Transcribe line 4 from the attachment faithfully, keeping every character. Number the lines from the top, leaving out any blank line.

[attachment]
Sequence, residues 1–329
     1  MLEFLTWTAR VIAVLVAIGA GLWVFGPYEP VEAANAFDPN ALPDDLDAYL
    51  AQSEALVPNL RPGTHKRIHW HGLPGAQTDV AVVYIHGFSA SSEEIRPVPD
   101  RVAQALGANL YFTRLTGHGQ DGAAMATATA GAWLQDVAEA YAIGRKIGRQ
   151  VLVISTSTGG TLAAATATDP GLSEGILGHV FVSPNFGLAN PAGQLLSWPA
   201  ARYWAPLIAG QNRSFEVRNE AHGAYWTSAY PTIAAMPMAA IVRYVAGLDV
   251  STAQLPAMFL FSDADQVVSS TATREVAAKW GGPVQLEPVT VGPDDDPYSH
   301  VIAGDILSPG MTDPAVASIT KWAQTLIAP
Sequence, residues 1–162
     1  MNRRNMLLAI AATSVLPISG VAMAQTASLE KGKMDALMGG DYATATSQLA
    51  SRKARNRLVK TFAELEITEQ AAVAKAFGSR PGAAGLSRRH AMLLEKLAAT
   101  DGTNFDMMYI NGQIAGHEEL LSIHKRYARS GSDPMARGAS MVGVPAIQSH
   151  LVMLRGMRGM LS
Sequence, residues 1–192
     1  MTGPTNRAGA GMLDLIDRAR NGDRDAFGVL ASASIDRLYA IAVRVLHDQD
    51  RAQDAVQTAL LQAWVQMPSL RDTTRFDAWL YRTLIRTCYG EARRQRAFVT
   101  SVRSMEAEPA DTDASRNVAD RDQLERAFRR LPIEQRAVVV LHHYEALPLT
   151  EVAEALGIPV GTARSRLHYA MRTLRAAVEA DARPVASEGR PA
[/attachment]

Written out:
   101  RVAQALGANL YFTRLTGHGQ DGAAMATATA GAWLQDVAEA YAIGRKIGRQ